- User Rating: Excellent
Ease of Use:
Quality of Tech Support:
Pros:Light weight, clear screen, powerful
Cons:No serial/parallel ports, CD Rom and floppy drive sold separately, MS Office not preloaded
The Bottom Line: Strong contender, even with its shortcomings. Look closely at HP Omnibook and IBM Thinkpad.
I purchased the Sony Vaio SR7K after performing a great deal of research, but still missed some important decision factors that I hope to share here.
While this machine is very powerful and ultraportable, it does have some frustrating shortcomings. Most notably, it has only a USB port for attaching periphals. None of the literature I read in advance made this point, and unless you already have replaced all of your devices (such as printers, mouse, zip drives, etc.), you will need to buy an adapter that plugs into the usb port and enables you to plug other devices into the serial and parallel ports. When I called Sony, they were no help, telling me that "everyone" is converting to usb and that they don't make or sell an adapter. Finding an adapter was also difficult. Eventually, I found one at Circuit City. It is the Targus USB Mobil Expansion Hub, model number PA070. It cost about $120 at Circuit City, but I have since found it on eBay for about half that price. You can also purchase it directly at targus.com. This adapter is nice because it is small (weighs about 3 ounces) and includes 2 usb ports, 2 serial ports and 2 parallel ports (1 for printers and 1 for PDAs). However, it needs is not plug and play, and its drivers come only on a floppy disk (they cannot be downloaded from the targus.com site).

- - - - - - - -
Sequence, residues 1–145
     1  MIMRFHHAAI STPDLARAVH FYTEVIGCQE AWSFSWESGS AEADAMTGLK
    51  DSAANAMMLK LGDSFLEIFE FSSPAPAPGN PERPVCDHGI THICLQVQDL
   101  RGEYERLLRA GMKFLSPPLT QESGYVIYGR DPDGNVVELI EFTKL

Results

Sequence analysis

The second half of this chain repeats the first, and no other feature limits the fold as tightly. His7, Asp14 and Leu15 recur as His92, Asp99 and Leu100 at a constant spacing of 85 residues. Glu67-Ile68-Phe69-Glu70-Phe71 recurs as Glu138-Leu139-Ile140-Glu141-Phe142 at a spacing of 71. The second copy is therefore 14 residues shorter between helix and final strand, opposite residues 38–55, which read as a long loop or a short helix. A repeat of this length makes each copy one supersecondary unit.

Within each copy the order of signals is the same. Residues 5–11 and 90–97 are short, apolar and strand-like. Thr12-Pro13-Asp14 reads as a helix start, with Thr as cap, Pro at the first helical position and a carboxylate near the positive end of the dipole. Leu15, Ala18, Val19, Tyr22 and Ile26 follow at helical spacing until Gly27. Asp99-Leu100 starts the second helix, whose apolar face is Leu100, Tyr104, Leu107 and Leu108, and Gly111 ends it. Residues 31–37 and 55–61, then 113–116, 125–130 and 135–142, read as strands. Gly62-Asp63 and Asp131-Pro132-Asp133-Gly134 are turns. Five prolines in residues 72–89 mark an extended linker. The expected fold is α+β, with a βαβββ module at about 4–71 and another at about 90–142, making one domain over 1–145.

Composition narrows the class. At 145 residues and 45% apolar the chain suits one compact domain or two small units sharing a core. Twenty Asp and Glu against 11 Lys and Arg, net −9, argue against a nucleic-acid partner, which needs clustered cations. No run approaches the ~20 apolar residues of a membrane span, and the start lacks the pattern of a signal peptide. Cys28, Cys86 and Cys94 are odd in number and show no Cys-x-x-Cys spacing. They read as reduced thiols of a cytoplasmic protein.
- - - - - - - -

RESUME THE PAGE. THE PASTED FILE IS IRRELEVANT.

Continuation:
Which brings me to my second gripe. Sony sells the CD Rom and floppy drives separately, and each will set you back about $70 - $90.
Finally, this machine is only preloaded with MS Windows 2000 and MS Word. If you do a lot of work on Excel or PowerPoint (as I do), you will need to invest in these, too.
Obviously, these little extras can start to add up quickly. So, while I like this laptop a lot, I think if I had it to do over I would more strongly look at the latest IBM Thinkpad or the HP Omnibook.
By the way, check out Personalogic.com to help in your decision-making. It asks you to answer several "usage" type questions and then recommends a best fit laptop based on your answers. I have found it useful on several other purchases (but again, it doesn't point out the shortcomings I listed here). Happy shopping...
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Amount Paid (US$): 1650
Operating System: Windows
Processor: Intel Pentium III
Processor speed: 601-700
Hard Drive (GB): 13-20